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Edited Length: 45:29
U.S. Airdate: December 1, 1991
Nielsen Rating/Rank: [13.9/1]
Stefan Gierasch: [Dr. Hal Moseley]
Matt Frewer: [Berlingoff] `Rasmussen'
Co-Producer: Joe Menosky
Co-Producer: Ronald D. Moore
Co-Producer: Peter Lauritson
Producer: David Livingston
Supervising Producer: Jeri Taylor
Executive Producer: Michael Piller
Written by: Rick Berman
Directed by: Paul Lynch
Executive Producer: Gene Roddenberry
Executive Producer: Rick Berman
Associate Producer: Wendy Neuss
Sheila Franklin: Ensign [Felton]
Shay Garner: [Female] Scientist
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The Enterprise is en route to Penthara Four, where an asteroid impact has caused a dramatic drop in temperature on a global scale. They find a temporal distortion along the way, however, and are greeted by one Professor Berlingoff Rasmussen, a historian from the late 26th century!
While his manner is at times irritating, Rasmussen's credentials are solid enough to Picard that he's willing to grant Rasmussen every courtesy, including filling out the questionnaires Rasmussen intends to distribute among the bridge crew. Rasmussen marvels over everything, from little details in Picard's ready room to Data, "the Model T of androids." However, he refuses to answer any question *about* the future, claiming that he doesn't want to influence the past, which is sensible enough.
As the Enterprise reaches Penthara Four and prepares to trigger a greenhouse effect by drilling down to pockets of carbon dioxide in the crust of the planet, Rasmussen continues his study. Although he still says nothing, he more and more frequently drops hints that something big is going to happen that day-and even more peculiarly, seems to be surreptitiously pocketing items (a scanner, a tricorder, etc.). The phaser drilling begins, and is successful-the planet now has enough time to fix itself. Picard is pleased, and Rasmussen seems almost jubilant.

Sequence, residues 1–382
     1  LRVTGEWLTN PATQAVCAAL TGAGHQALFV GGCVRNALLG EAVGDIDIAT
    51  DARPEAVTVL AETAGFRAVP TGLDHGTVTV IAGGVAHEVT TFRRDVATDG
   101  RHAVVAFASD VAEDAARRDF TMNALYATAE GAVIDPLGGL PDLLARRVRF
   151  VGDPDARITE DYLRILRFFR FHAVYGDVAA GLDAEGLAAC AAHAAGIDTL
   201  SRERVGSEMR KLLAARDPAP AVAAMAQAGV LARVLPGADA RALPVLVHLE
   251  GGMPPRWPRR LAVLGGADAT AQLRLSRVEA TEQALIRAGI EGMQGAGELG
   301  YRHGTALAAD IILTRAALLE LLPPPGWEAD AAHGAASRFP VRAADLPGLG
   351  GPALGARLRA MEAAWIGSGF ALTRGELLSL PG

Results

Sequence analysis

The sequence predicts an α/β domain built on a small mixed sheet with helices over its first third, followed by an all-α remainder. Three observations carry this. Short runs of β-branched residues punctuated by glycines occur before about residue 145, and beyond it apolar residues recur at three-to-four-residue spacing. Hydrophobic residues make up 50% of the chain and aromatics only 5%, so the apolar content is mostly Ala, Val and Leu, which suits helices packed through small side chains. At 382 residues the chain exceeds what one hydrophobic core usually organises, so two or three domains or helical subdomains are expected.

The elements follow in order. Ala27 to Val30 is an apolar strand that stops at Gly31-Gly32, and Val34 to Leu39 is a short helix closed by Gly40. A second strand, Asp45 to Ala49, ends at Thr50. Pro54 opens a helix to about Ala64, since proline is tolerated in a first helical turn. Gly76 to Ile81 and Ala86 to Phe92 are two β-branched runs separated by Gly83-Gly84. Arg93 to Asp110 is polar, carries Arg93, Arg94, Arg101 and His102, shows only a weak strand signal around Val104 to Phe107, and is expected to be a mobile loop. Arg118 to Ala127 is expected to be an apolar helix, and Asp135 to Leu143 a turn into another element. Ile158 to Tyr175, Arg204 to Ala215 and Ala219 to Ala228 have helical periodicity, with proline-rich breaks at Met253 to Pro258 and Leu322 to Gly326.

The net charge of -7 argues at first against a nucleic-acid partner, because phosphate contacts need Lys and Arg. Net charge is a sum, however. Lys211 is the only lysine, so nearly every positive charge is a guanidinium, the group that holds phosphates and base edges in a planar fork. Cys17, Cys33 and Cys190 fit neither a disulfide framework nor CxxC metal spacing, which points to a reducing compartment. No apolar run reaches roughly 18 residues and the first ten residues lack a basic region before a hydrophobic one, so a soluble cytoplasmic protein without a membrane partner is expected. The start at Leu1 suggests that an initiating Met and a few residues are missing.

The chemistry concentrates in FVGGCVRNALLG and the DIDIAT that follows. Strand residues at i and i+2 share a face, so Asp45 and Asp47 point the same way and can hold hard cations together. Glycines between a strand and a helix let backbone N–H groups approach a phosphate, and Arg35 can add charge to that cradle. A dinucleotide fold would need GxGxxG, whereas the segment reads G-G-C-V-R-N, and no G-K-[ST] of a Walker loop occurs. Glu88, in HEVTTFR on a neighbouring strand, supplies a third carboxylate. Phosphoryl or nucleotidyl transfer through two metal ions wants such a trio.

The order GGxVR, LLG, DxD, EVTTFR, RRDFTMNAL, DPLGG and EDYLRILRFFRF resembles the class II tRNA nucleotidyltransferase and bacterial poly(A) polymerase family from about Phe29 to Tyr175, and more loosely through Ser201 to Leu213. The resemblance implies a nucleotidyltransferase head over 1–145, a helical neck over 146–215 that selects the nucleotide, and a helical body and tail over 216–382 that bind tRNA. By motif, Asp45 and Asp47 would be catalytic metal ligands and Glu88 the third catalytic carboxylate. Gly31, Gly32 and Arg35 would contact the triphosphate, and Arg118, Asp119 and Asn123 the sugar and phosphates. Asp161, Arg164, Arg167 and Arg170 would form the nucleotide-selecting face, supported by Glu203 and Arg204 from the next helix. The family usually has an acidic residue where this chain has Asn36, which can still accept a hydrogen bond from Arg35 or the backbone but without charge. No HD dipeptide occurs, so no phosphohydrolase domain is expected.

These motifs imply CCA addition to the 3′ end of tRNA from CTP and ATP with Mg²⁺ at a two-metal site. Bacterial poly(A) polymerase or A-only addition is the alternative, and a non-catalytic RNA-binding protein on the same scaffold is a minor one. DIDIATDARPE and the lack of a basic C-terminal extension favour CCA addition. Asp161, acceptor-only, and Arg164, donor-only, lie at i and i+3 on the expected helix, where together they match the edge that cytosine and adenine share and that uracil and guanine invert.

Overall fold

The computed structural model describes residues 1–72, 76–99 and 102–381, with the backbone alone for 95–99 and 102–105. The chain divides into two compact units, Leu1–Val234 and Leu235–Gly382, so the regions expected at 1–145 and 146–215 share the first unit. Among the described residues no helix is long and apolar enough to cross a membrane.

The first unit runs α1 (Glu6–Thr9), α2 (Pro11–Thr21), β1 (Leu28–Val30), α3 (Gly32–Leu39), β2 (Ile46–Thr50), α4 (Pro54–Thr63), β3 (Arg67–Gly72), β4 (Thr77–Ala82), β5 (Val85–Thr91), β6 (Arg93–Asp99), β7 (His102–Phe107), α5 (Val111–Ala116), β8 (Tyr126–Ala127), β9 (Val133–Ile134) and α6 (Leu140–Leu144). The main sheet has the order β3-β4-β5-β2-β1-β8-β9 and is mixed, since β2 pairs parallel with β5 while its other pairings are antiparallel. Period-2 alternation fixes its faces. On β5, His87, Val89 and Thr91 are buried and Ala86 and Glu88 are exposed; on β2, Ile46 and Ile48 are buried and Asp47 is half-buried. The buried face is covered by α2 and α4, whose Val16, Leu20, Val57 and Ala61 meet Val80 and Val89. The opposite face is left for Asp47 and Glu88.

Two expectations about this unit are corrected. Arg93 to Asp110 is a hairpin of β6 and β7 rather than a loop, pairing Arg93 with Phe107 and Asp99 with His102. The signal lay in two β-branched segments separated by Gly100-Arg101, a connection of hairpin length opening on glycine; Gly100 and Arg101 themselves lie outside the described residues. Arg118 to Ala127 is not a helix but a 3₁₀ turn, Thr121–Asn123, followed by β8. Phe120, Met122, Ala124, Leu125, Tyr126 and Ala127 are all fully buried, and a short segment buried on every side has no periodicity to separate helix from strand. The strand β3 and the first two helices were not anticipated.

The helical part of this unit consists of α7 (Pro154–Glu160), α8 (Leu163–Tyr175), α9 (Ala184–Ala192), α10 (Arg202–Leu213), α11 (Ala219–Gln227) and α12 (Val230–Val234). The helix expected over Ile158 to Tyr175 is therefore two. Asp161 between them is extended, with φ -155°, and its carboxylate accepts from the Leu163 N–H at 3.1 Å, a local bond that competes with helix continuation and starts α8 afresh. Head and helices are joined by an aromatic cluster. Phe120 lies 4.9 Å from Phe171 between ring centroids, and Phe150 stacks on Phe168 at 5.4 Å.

Rasmussen continues his enquiries, trying to win Troi's trust (an attempt which fails) and trying to romance Beverly (which also fails, when Beverly points out that she could easily be his "great, great, great, great...grandmother"). However, the bridge crew's slight annoyance at Rasmussen's attitude is swept away when a series of earthquakes and volcanic eruptions begin rocking the planet below them-and all of them occur exactly where the drills were. Further, the volcanic ash being thrown up is compounding the problem, and before long the sunlight will be completely blocked, plunging the planet into an ice age. After some analysis, Geordi and Data come up with a plan with both good and bad aspects. The good news is that they can, in effect, turn the Enterprise into a "lightning rod" and sweep the dust away with an ionizing phaser blast into the upper atmosphere. The bad news is that the margin of error is very small-and if it isn't done just right, the entire atmosphere will burn off, killing every being on the planet.
Picard, caught in a dilemma, turns to Rasmussen in the hope that he can point Picard the way. Rasmussen refuses, however, since anything he may say or do could end up altering Picard's choice, and thus his own history. Picard tries his best to persuade him otherwise, but to no avail. In the end, he decides to try Geordi's plan-and to his relief, it's successful.
Rasmussen then prepares to leave, but is surprised to find the Enterprise crew blocking his way into his ship. It seems that they've noticed the various missing items, and want a look inside his ship for them. He initially refuses, but after it's pointing out that he'll never get in if they can't, agrees to let Data, and Data only (as Data can be ordered never to reveal any future secrets he sees) come inside to look. Data finds the items, but is threatened with a phaser by Rasmussen, who turns out not to be an historian from the future, but rather a disgruntled inventor from the PAST. He swiped the time pod from the real 26th-century historian who visited him several weeks "ago", and planned to take the items he stole back to his time and "invent" them over a few years. He now intends to take Data as well-but fortunately, the computer picked up the weapon when the door was opened and deactivated it. Data drags Rasmussen back out, and the now- emptied time pod vanishes back to where it came, leaving Rasmussen to the mercy of 24th- century historians who will, no doubt, be very interested in studying him.
Technical design, graphic design, interactive features, HTML & CGI programming by Andrew Tong. || All materials Copyright © 1987-1995 by their respective authors. || Document created: January 28, 1995 || Last Modified: July 12, 1999